Others use hand held flashlights, but that is just too much to hold. for me. This keeps my hands free.
Now in that photo of me above with the boots, you will notice something in my right hand, its a sand scoop.
I first bought it as I thought I might see cool things in tide pools, like hermit crabs, on beach walks. Instead, this is the best agate hunting tool ever!
I don’t have to bend down time after time. I can reach into the water for one that I see farther out than I want to walk, and if I am on dead run from a wave but spot one, I can scoop as I go (this takes practice!). I have also, more than once, snagged an agate being sucked back out to sea as the waves withdrew.
It also allows you to rinse off the sand before putting them in a container or sack, AND helps keep your hands dry and warm. This comes with me anytime I go to the beach! It is much easier to use at night with the headlamp.
OK, so now WHERE to look. Well any beach will do.
A bit of an aside here, I look at the garden gravel areas in our neighborhood as well. A lot of times there are agates mixed in! Who knew you could agate hunt while walking to check the mail!
Sorry, back to the beach. Now I keep an eye out no matter where I am. Some of the BEST agates have been discovered all by itself in the sand. This one was, I found him all alone as I was walking toward the parking lot to head home.
But, the best places to look are areas where the sand is gone and gravel is left
Of course that is also where you will find other hunters. Don’t hesitate to look where others have been. Just last week I found this beauty.
I had watched no less than 5 people walk by the spot where it lay. But when I got there the sun hit it just right, and there it was!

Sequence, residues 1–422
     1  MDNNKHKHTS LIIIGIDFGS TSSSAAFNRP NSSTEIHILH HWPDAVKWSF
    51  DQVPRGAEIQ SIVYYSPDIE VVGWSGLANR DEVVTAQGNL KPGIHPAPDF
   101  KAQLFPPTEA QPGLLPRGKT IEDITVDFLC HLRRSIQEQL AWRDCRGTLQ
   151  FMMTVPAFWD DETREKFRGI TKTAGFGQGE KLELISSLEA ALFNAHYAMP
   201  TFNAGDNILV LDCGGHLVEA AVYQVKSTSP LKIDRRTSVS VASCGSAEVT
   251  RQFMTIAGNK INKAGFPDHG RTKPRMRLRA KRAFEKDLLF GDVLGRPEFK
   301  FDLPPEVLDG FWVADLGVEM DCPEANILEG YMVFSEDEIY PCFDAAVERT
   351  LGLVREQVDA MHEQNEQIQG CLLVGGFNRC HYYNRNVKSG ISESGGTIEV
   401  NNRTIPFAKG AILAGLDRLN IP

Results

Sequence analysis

Now for the Tony method. There are some who stake out an area, grab a shovel and dig. There are others who keep standing, but go back and forth in a small area. searching every inch, and then again after a big wave hits.
I don’t know the official etiquette in encroaching on these folks. But even before covid, I always felt it was polite to give them a wide berth. They were at that spot first, it would be rude for me to swoop in and take something.
I use the “miles method.” I get to the beach, pick a direction and just starting walking. I may zig zag a bit to prime areas, or circle back in a productive area. But I am there for exercise as well. so I will walk for miles then turn around and walk back, all the while looking for rocks, but also taking photos and just enjoying the ocean.
So what do you look for?
Without a doubt, this is the coolest one we’ve found, Michelle found it. It just glowed in the sun. But most do NOT look like this!
Not all are clear. And sometimes (OK A LOT) the sun aint there tome them glow.
So I tell people to look for any rocks that aren’t gray or black. Thats the easy part. Some will be obvious, they are shiny and clear. But other are orange/yellow
Or not quite clear but very shiny.
The trick for me was trial and error. The really clear ones were easy. But even today, I am not always quite sure. I end up bringing home ones that aren’t agates at all
The best test is the cell phone light test!
If it’s an agate they will glow. If it don’t glow, I toss it outside in the rockery. The more you hunt, the more discerning you will be, but know this, yesterday I tossed out 3 that I thought were and ended up not being so. I call em sucker rocks, as they suckered me into taking them home!
Don’t limit yourself to just agates. We also love sea glass. (by the way, check out the colors of the rocks here, they all passed the glow test! )
And check out this shell I found last week!
And some things just make you laugh!
Or amaze you! (Part of a whale skull)
Or you find out someone is watching you. (We named him Sal, he, and his buddies are ALWAYS keeping an eye on me)
Agate hunting is something that can be shared
Or done solo. A quick half hour or a 7 mile round trip hike.
Rain or shine, all year round (EXCEPT for high surf warnings If they say stay off the beach stay the hell off the beach!)
Use it for exercise or relaxation.
Or just cuz its fun to find treasure!
It is just one of the many joys of living on the Oregon coast! Good luck!!